This photograph shows a child's funeral procession crossing the Nikolaievsky Bridge to the Vasilli Island side. Proceeding the white clad attendants was a cart pulled by a horse from which spring flowers were scattered along the way the hearse would follow. The mourners following the hearse dressed in black.

The hearse is on it's way to the vast cemeteries of Vassili Island where each religious and ethnic group had its' own last resting spot. The most prestigious cemetery in Petersburg in which to be buried was at the far, far end of Nevskii prospect at the Alexander Nevsky monastery. Here, surrounding the church, tens of thousands of Petersburgers found what they hoped would be their final resting place. Its crowded permanent residents included famous composers and political figures as well as simple shop girls and minor government bureaucrats. By 1900 it was becoming very difficult to find an empty spot to call one's own, but money could make anything possible. For a few rubles surreptitious evictions of the forgotten from their neglected resting places to make room for others could be discretely arranged.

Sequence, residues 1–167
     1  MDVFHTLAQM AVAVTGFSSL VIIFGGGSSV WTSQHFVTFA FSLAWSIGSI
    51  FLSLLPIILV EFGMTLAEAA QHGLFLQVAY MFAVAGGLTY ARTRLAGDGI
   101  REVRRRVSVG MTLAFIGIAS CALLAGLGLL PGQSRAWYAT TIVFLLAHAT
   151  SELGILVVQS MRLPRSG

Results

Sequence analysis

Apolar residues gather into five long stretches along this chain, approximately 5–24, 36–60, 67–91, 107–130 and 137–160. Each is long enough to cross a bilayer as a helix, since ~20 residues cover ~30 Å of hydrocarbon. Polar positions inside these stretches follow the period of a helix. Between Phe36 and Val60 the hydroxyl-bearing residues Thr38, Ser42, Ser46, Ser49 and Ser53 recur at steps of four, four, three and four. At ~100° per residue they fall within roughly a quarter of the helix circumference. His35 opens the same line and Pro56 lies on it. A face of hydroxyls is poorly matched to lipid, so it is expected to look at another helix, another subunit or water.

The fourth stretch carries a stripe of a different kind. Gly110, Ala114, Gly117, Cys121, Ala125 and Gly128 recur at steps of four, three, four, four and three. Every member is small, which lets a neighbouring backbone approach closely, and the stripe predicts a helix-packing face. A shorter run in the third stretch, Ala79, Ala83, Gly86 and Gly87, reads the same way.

Above: The Cathedral of the Trinity by Stasov

The enormous cemetery at Alexander Nevsky provided an increasing danger to the citizens of the city over the years and the city fathers - ever worried about cholera and diphtheria outbreaks observed it with alarm. The graves were dug along the river and below the shallow water table. The public health hazard to the water system of the city and its living from the departed was very real.

Next photograph: The English Quay and the American Embassy

For a small map of the St. Petersburg area click here.

To see a large map of the center of St. Petersburg go here.

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